Above we have John Garfield (left) in a noteworthy role. He may have won a best actor Oscar nomination for 1947’s Body and Soul, but we ask you — does he look like a credible boxer?
In our book only Robert Ryan (who had personal experience inside a ring) in 1949’s The Set-Up and, more recently, Robert DeNiro in 1980’s Raging Bull have pulled off the feat of really resembling actual pugilists. You can fully believe that they are equipped to slug it out.
To be fair, Garfield delivers a solid performance in Body and Soul, one of the movies for which he is most remembered. He is cast opposite Lilli Palmer, one of the strangest of pairings. Garfield was considered an exemplar of rugged American masculinity. She is the quintessential hot-house European.
Garfield’s earthy acting style is said to have inspired younger actors such as Marlon Brando, Montgomery Clift and even James Dean. We’ll buy into this, although we add that all four actors are quiet different. Only Brando in his Stanley Kowalski period could have played a physically convincing boxer.
Ok, now to the answers to our John Garfield Quiz. To reviewe the questions just scroll down to the blog below. Here we go:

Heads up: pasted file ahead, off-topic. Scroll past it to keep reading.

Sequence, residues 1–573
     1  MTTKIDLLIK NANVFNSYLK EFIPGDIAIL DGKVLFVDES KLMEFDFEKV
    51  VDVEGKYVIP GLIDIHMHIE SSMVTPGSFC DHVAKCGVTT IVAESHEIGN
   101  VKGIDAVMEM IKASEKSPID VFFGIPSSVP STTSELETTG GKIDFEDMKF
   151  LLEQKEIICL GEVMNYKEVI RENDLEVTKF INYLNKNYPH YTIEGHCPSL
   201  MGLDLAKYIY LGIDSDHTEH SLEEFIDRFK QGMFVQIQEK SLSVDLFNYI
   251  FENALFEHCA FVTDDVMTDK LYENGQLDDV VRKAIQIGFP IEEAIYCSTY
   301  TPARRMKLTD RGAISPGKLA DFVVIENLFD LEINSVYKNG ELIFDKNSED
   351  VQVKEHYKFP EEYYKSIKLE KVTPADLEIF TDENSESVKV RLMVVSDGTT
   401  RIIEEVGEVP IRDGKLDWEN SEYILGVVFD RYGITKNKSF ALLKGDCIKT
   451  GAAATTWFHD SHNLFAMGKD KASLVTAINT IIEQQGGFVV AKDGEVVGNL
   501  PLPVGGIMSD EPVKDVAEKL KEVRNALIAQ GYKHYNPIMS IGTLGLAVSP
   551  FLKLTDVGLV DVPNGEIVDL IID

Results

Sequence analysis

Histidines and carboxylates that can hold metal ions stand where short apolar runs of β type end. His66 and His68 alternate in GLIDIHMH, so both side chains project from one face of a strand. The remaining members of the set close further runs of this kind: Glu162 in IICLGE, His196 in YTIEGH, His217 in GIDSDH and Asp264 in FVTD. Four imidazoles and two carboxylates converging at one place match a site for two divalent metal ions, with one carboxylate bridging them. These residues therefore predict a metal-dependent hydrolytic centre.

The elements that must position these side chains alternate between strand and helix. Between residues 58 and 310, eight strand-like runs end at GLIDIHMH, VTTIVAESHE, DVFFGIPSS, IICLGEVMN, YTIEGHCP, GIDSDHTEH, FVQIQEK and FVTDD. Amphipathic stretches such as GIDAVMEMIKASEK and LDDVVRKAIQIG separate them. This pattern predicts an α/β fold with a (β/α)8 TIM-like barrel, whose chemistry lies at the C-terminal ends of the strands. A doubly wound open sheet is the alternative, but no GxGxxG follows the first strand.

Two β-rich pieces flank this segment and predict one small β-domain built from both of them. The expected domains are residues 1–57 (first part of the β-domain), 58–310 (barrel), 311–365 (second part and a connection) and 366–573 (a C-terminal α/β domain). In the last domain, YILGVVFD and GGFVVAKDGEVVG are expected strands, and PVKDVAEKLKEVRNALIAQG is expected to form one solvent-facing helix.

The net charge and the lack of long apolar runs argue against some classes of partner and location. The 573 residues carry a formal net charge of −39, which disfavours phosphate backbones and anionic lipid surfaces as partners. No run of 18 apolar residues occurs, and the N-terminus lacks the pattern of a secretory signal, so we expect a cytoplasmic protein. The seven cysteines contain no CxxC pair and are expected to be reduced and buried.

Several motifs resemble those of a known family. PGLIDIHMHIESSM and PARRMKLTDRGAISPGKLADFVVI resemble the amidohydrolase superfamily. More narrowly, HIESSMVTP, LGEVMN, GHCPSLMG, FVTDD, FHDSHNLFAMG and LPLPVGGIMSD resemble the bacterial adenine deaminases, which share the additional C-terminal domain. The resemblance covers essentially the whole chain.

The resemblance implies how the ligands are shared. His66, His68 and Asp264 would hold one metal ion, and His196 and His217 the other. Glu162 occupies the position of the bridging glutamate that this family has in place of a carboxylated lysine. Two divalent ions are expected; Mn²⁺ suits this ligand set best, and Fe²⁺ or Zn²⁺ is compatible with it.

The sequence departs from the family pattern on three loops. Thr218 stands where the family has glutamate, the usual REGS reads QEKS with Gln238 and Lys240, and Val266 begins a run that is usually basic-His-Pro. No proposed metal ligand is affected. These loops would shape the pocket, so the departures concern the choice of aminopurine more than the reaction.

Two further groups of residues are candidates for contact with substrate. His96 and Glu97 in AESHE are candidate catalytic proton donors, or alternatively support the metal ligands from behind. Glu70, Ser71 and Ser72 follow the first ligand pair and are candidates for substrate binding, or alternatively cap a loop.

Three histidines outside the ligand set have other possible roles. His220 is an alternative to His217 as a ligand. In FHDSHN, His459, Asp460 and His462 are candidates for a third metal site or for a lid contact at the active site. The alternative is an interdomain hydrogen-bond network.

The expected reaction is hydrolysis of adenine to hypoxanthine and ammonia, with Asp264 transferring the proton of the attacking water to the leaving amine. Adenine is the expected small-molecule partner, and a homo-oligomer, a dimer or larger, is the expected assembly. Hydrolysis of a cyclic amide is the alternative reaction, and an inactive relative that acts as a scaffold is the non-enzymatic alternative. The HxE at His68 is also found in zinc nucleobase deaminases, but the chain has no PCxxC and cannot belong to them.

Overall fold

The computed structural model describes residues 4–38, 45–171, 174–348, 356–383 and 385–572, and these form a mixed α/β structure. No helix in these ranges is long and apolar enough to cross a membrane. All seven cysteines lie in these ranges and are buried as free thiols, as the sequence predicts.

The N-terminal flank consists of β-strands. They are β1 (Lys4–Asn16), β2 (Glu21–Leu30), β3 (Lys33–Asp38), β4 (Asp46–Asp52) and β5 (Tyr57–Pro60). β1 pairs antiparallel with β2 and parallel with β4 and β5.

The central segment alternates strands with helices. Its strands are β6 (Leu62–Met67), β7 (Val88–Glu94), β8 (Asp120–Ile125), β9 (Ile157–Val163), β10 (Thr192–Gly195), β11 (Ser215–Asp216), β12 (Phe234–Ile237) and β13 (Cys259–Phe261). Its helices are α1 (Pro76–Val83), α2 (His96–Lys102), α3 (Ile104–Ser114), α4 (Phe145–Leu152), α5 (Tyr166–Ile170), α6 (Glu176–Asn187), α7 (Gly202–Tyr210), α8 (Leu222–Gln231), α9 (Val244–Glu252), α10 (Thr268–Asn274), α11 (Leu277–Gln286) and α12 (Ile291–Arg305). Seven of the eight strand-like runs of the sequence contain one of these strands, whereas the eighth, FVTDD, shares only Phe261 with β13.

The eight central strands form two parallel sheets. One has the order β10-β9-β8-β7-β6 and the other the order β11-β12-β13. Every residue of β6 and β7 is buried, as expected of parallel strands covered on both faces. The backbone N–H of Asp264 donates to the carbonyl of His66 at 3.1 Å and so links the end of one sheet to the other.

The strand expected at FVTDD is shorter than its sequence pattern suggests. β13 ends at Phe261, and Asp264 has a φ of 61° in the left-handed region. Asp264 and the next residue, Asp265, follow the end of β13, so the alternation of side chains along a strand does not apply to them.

1) Answer: Garfield was born (c) Jacob Julius Garfinkle on New York’s Lower East Side in 1913.
2) Answer: As mentioned above, Garfield was nominated in the best actor category for Body and Soul. But he was also nominated in the best supporting actor category for (a) his very first movie role in 1938’s Four Daughters. He plays a brooding, young suitor in the Michael Curtiz romance.
3) Answer: a) True, we think (see intro above).
4) Answer: Garfield was never a member of the Communist Party but his unabashed left wing political views resulted in his being called in 1951 before the infamous House Un-American Activities Committee investigating so-called subversion in Hollywood. Garfield refused to “name names,” and the whole mess dented what was left of his short career. He died a year later of a massive heart attack at age 39.
5) Answer: Garfield was considered as the first choice for the leads in All About Eve (the Gary Merrill part), On the Waterfront (the Brando part) and The Man With The Golden Arm (the Frank Sinatra part). He was also considered as the first choice for the Broadway stage role of Stanley Kowalski role in A Streetcar Named Desire. Brando won the part, and triumphed in the subsequent movie version. Whatever original casting intentions were, it should be noted that Garfield’s premature death came two years before Waterfront was made, and three years before Otto Preminger made The Man With The Golden Arm.